Watertown Middle School will receive music and drama workshops funded by the new NBC series "Smash" and delivered by iTheatrics, a charitable youth production company, to aid students in performing a musical in May and beyond.
Watertown theater and chorus teacher Abby Cordell Casey applied for the grant, according to Timothy Allen McDonald, iTheatrics founding chairman.
The program, titled NBC's "Smash" Make A Musical, seeks to build musical theater programs in middle school that are cost effective and sustainable by teaching local educators how to conduct rehearsals, choose productions, and design sets, props and costumes, said McDonald.
Watertown was one of 20 schools chosen for the pilot program when more than 50 schools applied, McDonald said.
"They sought us out themselves and were a deserving school and a great match to what we're trying to do," McDonald said, noting that some schools selected were scouted by the organization.
World-renowned theater educators from New York City travel to each of the 20 schools to hold workshops with the students and drama teachers, and discuss which play options fit well with each particular group.
"The workshop is amazing – you start with kids who don't know each other or musical theater, and by the end of it, they are singing and acting from memory," McDonald said. "It's really a miracle."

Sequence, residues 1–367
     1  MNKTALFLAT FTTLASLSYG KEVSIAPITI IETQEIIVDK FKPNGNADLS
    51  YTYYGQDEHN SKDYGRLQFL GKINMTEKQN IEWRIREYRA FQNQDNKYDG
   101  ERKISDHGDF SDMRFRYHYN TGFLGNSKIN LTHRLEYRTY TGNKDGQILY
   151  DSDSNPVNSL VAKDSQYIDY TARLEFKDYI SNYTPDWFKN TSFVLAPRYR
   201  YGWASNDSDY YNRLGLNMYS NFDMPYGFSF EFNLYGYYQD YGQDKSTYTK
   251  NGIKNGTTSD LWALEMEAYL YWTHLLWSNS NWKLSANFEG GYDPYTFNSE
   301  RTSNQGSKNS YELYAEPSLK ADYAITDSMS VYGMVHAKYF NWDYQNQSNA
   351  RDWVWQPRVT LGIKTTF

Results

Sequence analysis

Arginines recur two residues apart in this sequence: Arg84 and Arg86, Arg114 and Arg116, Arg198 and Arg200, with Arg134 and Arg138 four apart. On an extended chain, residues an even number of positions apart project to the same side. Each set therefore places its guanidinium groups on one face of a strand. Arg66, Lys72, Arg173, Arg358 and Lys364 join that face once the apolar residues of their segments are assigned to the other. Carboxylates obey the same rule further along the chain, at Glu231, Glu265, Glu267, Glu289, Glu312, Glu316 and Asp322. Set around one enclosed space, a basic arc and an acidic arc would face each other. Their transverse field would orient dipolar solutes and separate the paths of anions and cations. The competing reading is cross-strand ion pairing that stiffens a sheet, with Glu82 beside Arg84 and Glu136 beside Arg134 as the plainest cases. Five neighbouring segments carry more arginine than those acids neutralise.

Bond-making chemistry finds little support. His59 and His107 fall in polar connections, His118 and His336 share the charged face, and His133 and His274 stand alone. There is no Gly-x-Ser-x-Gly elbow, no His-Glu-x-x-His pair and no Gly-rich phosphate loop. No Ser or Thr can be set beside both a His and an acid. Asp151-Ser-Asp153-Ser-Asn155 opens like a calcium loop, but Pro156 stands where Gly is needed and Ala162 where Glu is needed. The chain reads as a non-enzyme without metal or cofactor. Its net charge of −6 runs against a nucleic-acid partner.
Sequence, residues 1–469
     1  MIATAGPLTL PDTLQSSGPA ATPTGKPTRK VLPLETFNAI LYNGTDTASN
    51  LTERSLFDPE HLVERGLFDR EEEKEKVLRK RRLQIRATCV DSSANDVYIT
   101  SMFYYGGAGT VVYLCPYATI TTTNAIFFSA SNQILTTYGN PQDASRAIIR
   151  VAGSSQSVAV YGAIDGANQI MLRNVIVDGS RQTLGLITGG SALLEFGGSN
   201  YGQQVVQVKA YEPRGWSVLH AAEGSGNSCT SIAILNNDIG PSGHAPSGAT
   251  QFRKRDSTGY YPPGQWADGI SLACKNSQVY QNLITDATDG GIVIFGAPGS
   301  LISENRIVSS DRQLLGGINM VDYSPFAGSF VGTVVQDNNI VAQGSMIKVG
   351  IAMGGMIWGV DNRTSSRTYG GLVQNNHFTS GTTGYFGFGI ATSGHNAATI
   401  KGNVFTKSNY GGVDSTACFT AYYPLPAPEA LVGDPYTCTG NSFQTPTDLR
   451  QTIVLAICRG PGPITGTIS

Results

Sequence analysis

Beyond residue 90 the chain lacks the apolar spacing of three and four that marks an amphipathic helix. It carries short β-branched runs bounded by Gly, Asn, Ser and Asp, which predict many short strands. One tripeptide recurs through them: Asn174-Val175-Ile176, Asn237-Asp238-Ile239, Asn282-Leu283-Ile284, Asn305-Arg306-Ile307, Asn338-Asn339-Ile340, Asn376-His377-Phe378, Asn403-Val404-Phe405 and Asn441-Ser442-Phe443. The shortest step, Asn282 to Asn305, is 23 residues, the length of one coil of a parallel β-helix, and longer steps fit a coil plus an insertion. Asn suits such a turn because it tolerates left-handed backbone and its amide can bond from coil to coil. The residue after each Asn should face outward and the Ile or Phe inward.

Watertown's workshop will take place Friday, Feb. 17, McDonald said.
While Splash reports that the school hopes to perform "Into The Woods," McDonald said the workshop educators might suggest productions more friendly to first-time directors and young thespians.
"The code behind all this is to provide a sustainable and cost effective way [to put on productions] so kids always have access to the arts," McDonald said.
Casey, who is on maternity leave as of Feb. 3, and drama teacher replacement Victoria Portsmore are currently unsure of tryout, rehearsal, and production dates, according to Splash.
The two teachers each receive a stipend for participating in the program, McDonald said.
McDonald said he could not assign a number on how much it costs to fund the program, as much of it focuses on providing services.
"Smash" is currently discussing several ventures to publicize the program, including showing clips of the young actors rehearsing during broadcast time, on the show's website, and on the program's Facebook page, McDonald said.
The television show will also provide all funding for the production workshops, McDonald said.
The program will add 10 more schools in the spring, another 170 in the fall, and hopes to select 100 schools each year after that, McDonald said.
Casey, Portsmore and WMS principal Kimo Carter were unavailable for comment.
“Smash,” which premiered this week, runs on NBC on Mondays at 10 p.m.